Firstly, let’s start with the art shall we? I mean, we all fell back in love with Liam Sharp’s artwork when DC’s Rebirth gave us Greg Rucka and Sharpie’s Wonder Woman hailed by critics (well, by me at least) as a modern day masterpiece. A story that will stand the test of time to be seen, in years from now, as one of the classic Wonder Woman runs. Well, it may be too early to pass judgement on this 6 issue run, but it’s an impressive start as each page seems like a masterpiece in and of itself, as we have seen from previously shared artwork. You only need to look at Sharp’s Celtic and other mythological influences – something of a lifelong passion, as we learnt recently – to see that here is a man who has waited his whole life to tackle something on this scale, and for one of the Big Two!
Each panel, each splash page (of which there are many in this dynamic debut issue) has been hewn from Sharp’s very soul, his lifeblood it would seem, with the sheer complexities and level of detail he brings; whether depicting the neverworld of Tír na nÓg, the Antarctic love nest of Wonder Woman and Steve Trevor, or grimey Gotham City and the Irish Quarter in which strange happenings have captures the attention of Batman, giving him a foothold into this fantastical adventure. It’s all breathtaking and the use of splash pages, as well as a breathtaking double page spread depicting a very riotous Tír na nÓg, not only gives us an indication of the epic scale that such stories involving gods and monsters invariable travail, but it allows the exquisite art space to breath and to shine too. It’ll be a book you pick up time and again to marvel at for the art alone. This is what comics should be all about! Great art, and great storytelling.
As for the story then; well it’s the first issue, innit? But, having said that, the players and pieces are in place on the board and with the aforementioned weirdness in Gotham City, that has stumped the very grounded and scientifically-minded greatest detective in the world. It is like the thin thread left by Ariadne for Theseus to follow. What I mean – if you will allow me the fancifulness of this mythological metaphor – is that while the thread saw Theseus freed from the labyrinthian maze of Crete, this metaphorical thread allows Batman a way into a story, and a genre, we do not always associate with him. Not outside of the JLA, that’s for sure.
It’s a story steeped in Irish mythology, with mentions of characters and creatures you may not be too familiar with. Yet. And if it does have you reaching for Wikipedia to bone up on your Celtic mythology, that can’t be a bad thing as it could well lead you through a gateway and into some of the Western World’s most ancient yet endearing stories from the pagan past, when Ireland was seen as the edge of the world by the Romans, who never conquered these barbaric people. It’s worth it, trust me, as I am sure it will better inform you of the hero’s journey ahead.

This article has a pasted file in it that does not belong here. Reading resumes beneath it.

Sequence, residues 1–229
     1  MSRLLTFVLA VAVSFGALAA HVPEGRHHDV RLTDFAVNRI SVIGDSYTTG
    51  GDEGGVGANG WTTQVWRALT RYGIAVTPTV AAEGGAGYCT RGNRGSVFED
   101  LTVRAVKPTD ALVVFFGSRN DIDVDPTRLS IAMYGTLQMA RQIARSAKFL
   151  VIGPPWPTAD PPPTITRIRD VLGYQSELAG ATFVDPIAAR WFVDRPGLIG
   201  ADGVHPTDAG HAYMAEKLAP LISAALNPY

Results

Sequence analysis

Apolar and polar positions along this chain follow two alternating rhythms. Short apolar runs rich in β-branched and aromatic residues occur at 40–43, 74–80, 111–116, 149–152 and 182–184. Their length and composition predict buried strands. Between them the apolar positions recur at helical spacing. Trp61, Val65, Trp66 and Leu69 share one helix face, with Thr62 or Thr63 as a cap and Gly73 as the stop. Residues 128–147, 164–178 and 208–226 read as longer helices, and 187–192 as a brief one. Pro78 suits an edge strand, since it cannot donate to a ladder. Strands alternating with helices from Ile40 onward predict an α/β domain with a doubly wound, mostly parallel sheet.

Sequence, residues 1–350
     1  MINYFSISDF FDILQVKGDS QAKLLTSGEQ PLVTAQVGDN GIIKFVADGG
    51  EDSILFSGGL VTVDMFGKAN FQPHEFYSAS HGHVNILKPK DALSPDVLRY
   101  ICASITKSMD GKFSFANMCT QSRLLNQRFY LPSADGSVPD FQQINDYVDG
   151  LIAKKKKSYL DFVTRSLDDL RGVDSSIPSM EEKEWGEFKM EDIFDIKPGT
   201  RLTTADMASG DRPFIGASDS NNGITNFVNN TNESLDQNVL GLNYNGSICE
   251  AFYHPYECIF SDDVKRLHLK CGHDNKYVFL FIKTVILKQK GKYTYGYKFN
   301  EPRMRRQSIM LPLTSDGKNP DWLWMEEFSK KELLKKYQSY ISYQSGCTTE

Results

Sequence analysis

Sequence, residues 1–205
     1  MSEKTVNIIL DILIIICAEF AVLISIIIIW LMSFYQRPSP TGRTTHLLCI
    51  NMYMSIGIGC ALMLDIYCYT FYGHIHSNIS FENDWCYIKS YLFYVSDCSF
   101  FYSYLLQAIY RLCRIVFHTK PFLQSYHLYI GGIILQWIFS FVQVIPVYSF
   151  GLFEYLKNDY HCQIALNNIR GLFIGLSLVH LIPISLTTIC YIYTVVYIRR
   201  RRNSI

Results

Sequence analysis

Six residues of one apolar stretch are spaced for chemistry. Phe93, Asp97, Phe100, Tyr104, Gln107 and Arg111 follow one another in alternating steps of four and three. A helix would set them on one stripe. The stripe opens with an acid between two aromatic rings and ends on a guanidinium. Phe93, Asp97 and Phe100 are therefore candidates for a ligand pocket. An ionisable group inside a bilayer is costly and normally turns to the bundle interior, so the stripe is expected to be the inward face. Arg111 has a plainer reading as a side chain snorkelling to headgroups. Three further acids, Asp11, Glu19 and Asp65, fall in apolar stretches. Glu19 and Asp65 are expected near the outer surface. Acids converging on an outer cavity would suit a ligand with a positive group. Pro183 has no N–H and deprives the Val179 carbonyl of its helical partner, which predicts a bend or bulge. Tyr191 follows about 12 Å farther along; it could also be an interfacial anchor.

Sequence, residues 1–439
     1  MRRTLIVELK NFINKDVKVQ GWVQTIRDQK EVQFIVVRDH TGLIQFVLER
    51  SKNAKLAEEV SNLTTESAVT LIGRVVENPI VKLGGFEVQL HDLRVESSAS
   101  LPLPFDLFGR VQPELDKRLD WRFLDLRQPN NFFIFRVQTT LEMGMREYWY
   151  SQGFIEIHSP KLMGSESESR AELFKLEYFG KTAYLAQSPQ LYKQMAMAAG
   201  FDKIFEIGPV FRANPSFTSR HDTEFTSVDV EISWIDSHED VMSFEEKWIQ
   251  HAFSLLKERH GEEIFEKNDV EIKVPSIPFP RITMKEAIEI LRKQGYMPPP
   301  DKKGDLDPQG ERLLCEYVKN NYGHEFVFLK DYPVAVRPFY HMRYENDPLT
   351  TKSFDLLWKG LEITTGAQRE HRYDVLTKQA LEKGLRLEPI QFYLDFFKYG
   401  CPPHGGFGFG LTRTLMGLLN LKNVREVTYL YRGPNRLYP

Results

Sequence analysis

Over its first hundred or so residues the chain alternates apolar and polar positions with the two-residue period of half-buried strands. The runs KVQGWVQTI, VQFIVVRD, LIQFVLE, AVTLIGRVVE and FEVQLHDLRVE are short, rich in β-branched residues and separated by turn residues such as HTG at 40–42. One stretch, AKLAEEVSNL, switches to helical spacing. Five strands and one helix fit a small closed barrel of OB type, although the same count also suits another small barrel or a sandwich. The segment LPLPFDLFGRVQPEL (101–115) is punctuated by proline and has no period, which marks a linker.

Meanwhile, Sharp finds time for some carefully injected humour when Cernunnos, the Celtic god of hunting and fertility (and, some would say, the Celtic god stolen by the then-Christian Roman’s upon which the stereotypical image of the horned Devil comes from. Talk abut cultural misappropriation!) walks in on a blissed up Diana and Steve finding time in both their busy schedules for each other. Even if it is in off the grid in Antarctica. This certainly does feel like Sharp is picking up directly where he left off on his shared Wonder Woman run, as he promised.
Why does such an ancient, and Celtic, god come seeking Diana, a child born from Greek mythology, you may be asking? Why might she be able to deal with the chaos that has grown with the heart of the Tír na nÓg after all these centuries? A world, like Themyscria, that has lived in solitude and peace and away from the prying eyes of humankind? She may be a warrior, but she’s also an ambassador for peace, don’t forget. Seems like Wonder Woman holds the best résumé for the job, and she’s more than up for the challenge and a trip into another dimension through Ireland’s mythical, but very real, Giant’s Causeway.
This is a comic forged, not from Promethean fire, but from passion, love and a lifetime reading of ancient, larger-than-life characters and creatures that still amaze us to this day. It’s a story soaked in the past and the welcome, to DC Comics, of a pantheon of gods and faerie-folk that can only add to the rich tapestry now, and in the future too. And, it’s a welcome return of Liam Sharp to a monthly title, too.
And not a Leprechaun in sight, so it is!